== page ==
Identification, Images, & Information
For Insects, Spiders & Their Kin
For the United States & Canada
Clickable Guide
Moths Butterflies Flies Caterpillars Flies Dragonflies Flies Mantids Cockroaches Bees and Wasps Walkingsticks Earwigs Ants Termites Hoppers and Kin Hoppers and Kin Beetles True Bugs Fleas Grasshoppers and Kin Ticks Spiders Scorpions Centipedes Millipedes



Species Acronicta tritona - Triton Dagger Moth - Hodges#9211

Another Acronicta tritona (Triton Dagger Moth - Hodges#9211) ??? - Acronicta tritona Triton Dagger Moth - Acronicta tritona Dagger Moth - Acronicta tritona Dagger moth - Acronicta tritona Acronicta tritona - Triton Dagger Moth - Hodges#9211 - Acronicta tritona Dagger Moths Genus Acronicta? - Acronicta tritona Acronicta tritona Acronicta tritona
Show images of: caterpillars · adults · both
Kingdom Animalia (Animals)
Phylum Arthropoda (Arthropods)
Subphylum Hexapoda (Hexapods)
Class Insecta (Insects)
Order Lepidoptera (Butterflies and Moths)
Superfamily Noctuoidea (Owlet Moths and kin)
Family Noctuidae (Owlet Moths)
Subfamily Acronictinae
Genus Acronicta (Dagger Moths)
Species tritona (Triton Dagger Moth - Hodges#9211)
Hodges Number
Synonyms and other taxonomic changes
Acronicta tritona – (Hübner, 1818)
* phylogenetic sequence #931432
seventy-three species of Acronicta are found in America north of Mexico(1)
wingspan 3.5 - 4 mm
Adults - narrow black basal streak, a larger black streak (dagger-mark) in the anal angle, and a smaller one near the apex. The postmedian-line is prominent, marked with black scales, and loops outward between the costa and the upper dagger mark, between the two dagger marks, and below the lower dagger mark. The orbicular spot is indistinct, marked by a few dark scales. The reniform spot is more prominent and is filled with dark red-brown scales. There are also dark red-brown scales shading the upper part of the lower dagger-mark. Hindwings are grey-brown, darker toward the margin. The sexes are similar, but the female is darker, especially on the hindwings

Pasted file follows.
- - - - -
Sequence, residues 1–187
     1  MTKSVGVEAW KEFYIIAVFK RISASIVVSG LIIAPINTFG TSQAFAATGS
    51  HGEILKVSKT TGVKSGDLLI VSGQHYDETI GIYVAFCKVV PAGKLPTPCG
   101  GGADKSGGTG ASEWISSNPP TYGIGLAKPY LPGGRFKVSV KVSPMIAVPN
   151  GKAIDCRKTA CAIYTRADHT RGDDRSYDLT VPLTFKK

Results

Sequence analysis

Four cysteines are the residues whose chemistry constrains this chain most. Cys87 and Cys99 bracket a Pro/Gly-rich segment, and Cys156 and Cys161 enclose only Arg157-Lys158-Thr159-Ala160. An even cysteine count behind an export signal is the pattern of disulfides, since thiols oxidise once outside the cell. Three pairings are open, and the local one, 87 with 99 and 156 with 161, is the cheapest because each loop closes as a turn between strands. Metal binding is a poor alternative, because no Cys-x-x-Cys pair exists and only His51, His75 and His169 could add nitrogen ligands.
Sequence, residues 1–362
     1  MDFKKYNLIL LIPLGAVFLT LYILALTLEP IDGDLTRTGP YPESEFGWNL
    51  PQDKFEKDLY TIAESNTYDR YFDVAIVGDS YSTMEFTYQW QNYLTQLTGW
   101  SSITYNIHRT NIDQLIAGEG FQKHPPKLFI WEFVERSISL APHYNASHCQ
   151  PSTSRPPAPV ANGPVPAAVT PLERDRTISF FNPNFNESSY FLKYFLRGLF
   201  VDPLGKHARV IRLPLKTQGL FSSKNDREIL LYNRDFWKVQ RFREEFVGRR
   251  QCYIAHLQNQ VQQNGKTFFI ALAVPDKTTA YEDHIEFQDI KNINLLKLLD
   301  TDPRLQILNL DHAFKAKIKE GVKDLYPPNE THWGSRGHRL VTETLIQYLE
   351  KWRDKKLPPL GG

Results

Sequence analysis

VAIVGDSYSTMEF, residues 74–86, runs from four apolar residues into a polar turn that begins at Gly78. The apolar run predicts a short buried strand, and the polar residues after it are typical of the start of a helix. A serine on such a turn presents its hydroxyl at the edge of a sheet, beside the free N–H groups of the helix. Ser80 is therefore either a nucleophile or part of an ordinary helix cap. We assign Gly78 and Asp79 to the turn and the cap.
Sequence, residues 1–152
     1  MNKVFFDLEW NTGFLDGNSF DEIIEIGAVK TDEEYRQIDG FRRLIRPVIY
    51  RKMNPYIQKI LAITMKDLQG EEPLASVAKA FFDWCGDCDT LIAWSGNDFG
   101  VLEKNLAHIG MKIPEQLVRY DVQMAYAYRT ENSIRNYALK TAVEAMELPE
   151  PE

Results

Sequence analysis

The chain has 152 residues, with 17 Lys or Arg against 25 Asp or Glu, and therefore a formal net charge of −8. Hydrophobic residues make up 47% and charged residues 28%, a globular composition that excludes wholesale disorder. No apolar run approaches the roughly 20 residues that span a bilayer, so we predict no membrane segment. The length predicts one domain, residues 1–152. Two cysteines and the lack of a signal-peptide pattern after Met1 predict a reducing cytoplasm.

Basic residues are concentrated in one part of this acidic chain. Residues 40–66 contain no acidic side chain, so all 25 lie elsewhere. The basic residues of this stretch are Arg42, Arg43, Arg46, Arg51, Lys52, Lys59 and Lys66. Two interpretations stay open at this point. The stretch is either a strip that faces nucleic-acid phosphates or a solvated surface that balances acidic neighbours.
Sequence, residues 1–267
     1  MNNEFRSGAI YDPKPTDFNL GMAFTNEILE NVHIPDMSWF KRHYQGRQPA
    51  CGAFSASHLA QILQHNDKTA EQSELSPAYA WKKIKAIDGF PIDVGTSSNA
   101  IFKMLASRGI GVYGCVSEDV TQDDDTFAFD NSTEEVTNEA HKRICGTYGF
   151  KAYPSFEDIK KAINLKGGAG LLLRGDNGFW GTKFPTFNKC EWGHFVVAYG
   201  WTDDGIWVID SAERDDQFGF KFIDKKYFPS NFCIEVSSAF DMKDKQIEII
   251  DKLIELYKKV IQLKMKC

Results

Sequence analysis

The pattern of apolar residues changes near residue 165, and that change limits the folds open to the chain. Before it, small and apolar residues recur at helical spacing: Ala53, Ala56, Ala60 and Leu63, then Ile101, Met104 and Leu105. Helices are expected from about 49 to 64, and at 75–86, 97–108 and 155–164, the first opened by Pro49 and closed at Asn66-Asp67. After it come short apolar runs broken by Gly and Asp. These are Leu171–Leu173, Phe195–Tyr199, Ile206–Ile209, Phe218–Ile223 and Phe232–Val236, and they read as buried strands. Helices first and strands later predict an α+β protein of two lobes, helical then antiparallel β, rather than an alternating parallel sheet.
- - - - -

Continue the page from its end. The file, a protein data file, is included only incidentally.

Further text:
Caterpillar - green with a red-brown saddle that is widest at A4 and A5 and split in two over A6 and A7 by a green mid-dorsal patch. (Wagner)
Nova Scotia west to northeastern Alberta, south to Florida and Texas, and in the USA west to Oregon
Dry forest with blueberry understory
Larvae feed on cranberry, blueberry and rhododendrons/azaleas (all in family Ericaceae)
Life Cycle
solitary defoliator of blueberry. The single annual brood overwinters in the pupal stage. Adults come to light
See Also
Larva is similar to Acronicta grisea - may be distinguished by host plant as well as darker red-brown stripe of this species.
Print References
Wagner (2)
Lafontaine JD, Schmidt BC (2010) Annotated check list of the Noctuoidea (Insecta, Lepidoptera) of North America North of Mexico. (1)
Internet References
Moth Photographers Group - range map, photos of living and pinned adults
E.H. Strickland Entomological Museum - species page - size, range, description, habitat, life cycle
Works Cited
1.Annotated check list of the Noctuoidea (Insecta, Lepidoptera) of North America north of Mexico.
Donald J. Lafontaine, B. Christian Schmidt. 2010. ZooKeys 40: 1–239 .
2.Caterpillars of Eastern North America
David L. Wagner. 2005. Princeton University Press.